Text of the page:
EXCEEDING EVIL OF SIN
“God’s grace is active, rescuing, transformative grace. You celebrate this by being as serious about your need as the God of this grace is. God took sin so seriously that he did two things when the first transgression occurred—he immediately meted out punishment and he immediately set in motion his plan of rescue and redemption. Both demonstrate God’s seriousness about what we all too easily deny or minimize” Paul David Tripp (ref#190, June 5th).
“[T]he truth of what the Word of God declares concerning the exceeding evil of sin; for the same eye that discerns the transcendent beauty of holiness necessarily therein sees the exceeding odiousness of sin; the same taste which relishes the sweetness of true moral good tastes the bitterness of moral evil. And by this means a man sees his own sinfulness and loathsomeness; for he has now a sense to discern objects of this nature, and so sees the truth of what the Word of God declares concerning the exceeding sinfulness of mankind, which before he did not see. He now sees the dreadful pollution of his heart; and this shows him the truth of what the Scripture reveals concerning his nature, and his need of a Savior” Jonathan Edwards (ref#229, p83).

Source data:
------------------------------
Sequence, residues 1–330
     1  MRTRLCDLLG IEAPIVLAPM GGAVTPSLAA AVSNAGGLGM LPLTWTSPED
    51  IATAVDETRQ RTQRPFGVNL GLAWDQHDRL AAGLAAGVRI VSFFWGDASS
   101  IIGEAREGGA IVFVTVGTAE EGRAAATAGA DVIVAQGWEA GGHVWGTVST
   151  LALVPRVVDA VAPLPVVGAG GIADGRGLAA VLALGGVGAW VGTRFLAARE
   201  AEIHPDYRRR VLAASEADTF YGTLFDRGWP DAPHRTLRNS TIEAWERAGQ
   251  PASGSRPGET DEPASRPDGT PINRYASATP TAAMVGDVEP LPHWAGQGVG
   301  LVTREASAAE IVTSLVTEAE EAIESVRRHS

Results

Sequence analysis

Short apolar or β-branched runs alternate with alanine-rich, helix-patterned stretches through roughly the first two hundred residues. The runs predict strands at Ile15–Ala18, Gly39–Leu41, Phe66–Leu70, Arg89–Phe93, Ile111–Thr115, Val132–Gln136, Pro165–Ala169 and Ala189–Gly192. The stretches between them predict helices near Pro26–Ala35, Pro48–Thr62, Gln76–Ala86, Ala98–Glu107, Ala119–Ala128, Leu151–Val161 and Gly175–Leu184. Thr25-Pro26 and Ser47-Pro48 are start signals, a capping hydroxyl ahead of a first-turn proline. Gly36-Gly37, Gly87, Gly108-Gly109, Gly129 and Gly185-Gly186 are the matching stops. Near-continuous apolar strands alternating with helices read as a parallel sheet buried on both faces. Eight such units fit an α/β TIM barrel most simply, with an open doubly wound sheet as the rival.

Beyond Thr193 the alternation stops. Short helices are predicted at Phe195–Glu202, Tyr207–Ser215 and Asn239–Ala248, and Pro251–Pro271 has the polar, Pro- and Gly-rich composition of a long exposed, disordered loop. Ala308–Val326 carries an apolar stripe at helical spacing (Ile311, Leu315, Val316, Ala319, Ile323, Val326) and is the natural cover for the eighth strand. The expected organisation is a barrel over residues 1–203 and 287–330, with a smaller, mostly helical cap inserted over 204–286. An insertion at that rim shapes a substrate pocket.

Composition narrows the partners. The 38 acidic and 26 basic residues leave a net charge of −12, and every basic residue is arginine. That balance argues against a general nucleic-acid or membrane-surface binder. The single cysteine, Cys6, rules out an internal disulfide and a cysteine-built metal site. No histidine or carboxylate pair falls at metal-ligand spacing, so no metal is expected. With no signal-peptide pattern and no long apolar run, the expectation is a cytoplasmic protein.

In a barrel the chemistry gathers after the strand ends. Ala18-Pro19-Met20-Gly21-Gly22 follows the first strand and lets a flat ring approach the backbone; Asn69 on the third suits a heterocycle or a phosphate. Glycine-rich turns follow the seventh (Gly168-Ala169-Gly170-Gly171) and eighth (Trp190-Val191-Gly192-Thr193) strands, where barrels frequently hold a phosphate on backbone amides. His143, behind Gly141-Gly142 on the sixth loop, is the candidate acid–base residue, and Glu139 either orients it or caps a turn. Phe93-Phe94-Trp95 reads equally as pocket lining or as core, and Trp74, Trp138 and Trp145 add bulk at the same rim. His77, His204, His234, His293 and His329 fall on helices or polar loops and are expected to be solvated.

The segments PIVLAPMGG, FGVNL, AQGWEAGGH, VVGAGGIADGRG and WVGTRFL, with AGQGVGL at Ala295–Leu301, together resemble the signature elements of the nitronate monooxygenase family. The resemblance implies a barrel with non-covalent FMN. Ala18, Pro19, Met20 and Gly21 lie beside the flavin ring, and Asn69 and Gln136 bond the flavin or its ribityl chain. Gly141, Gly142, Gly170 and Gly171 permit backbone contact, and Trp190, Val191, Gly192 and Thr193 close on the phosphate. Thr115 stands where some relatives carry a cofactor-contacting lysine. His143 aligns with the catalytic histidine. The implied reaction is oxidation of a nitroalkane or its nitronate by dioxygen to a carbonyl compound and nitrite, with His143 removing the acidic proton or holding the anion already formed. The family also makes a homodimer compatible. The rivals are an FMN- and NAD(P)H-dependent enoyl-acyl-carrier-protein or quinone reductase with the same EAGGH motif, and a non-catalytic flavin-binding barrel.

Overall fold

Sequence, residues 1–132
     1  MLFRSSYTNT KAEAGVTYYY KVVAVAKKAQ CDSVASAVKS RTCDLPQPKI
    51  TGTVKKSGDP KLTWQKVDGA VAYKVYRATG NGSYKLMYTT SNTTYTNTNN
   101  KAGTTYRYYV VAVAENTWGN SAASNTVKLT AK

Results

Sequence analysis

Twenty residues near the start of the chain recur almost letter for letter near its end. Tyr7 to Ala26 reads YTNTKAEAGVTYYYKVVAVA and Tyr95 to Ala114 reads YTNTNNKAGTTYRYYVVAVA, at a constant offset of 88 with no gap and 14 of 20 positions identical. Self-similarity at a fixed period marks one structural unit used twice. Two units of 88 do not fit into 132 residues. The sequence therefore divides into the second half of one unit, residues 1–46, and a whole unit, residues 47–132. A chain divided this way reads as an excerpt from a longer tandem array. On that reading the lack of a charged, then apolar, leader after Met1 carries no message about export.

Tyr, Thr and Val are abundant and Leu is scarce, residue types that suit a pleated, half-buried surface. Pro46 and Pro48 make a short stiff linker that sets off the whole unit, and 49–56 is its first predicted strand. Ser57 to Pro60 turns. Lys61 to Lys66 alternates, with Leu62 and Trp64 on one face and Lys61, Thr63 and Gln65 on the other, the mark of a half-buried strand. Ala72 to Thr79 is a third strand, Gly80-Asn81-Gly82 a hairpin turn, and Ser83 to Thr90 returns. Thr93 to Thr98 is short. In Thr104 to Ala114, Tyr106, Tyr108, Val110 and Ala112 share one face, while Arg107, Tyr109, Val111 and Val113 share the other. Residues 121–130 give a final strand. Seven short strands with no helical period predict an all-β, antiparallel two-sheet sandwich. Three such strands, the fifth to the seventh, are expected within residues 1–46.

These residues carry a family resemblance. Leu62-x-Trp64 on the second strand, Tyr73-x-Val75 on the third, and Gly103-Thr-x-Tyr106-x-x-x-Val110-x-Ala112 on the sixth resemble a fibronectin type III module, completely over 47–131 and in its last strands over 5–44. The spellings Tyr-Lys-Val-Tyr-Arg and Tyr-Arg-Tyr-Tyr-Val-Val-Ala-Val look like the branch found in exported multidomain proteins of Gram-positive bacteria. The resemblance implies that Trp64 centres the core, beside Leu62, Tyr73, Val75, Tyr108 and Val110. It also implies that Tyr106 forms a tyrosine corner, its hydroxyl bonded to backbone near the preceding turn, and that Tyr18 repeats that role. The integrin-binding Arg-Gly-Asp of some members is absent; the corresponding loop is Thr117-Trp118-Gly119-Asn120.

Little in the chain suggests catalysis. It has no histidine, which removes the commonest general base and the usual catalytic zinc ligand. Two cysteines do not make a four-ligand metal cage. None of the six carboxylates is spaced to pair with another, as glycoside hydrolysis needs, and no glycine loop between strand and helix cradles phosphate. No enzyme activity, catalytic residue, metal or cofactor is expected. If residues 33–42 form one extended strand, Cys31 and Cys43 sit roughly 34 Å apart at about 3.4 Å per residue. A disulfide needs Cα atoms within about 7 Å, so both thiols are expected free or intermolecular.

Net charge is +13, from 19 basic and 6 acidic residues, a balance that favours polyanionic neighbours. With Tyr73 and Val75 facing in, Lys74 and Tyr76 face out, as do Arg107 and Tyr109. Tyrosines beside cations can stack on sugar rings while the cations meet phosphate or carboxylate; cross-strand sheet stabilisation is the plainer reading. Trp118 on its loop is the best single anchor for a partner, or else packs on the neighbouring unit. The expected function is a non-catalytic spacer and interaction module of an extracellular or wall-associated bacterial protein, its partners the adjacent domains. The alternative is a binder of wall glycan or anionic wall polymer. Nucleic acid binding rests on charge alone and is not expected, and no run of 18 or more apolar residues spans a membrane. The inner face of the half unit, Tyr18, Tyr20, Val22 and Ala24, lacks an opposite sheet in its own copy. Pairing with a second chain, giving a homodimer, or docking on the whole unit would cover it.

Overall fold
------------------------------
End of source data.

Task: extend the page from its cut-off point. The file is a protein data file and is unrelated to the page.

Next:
“Why did the Son of God come into this world of sin? He came ‘to save that which was lost’, to provide pardon and forgiveness of sin by the shedding of His own blood and the breaking of His own body upon the cross. If I say I have no sin, I am denying the incarnation, the death and the resurrection—I am making God a liar” Martyn Lloyd-Jones (ref#332, p113).
“[F]ailure to realise that we as sinners need forgiveness is the failure to realise the nature of sin, to grasp that our own natures are sinful and to understand that we have all actually sinned and need forgiveness” Martyn Lloyd-Jones (ref#332, p113).
“Corruption does not lie dormant in the Christian: though it reigns not supreme (because of a principle of grace to oppose it) yet it molests and often prevails to a very considerable extent. Because of this the Christian is called upon to wage a constant warfare against it: to ‘mortify’ it, to struggle against its inclinations and deny its solicitations” A.W. Pink (ref#269, p112).
“[W]hen divine justice is seen requiring the very heart’s blood of God’s only son in order to quench its infinite need for satisfaction; when God in Christ is seen in His humiliation, suffering, and death, all with the design of pardoning iniquity, transgression, and sin; how fearful a sin against this holy Lord God seems! Do not be discouraged if the more intensely the desire for sanctification rises, the deeper and darker the revelation of the heart’s hidden evil” Octavius Winslow (ref#135, Aug 13th).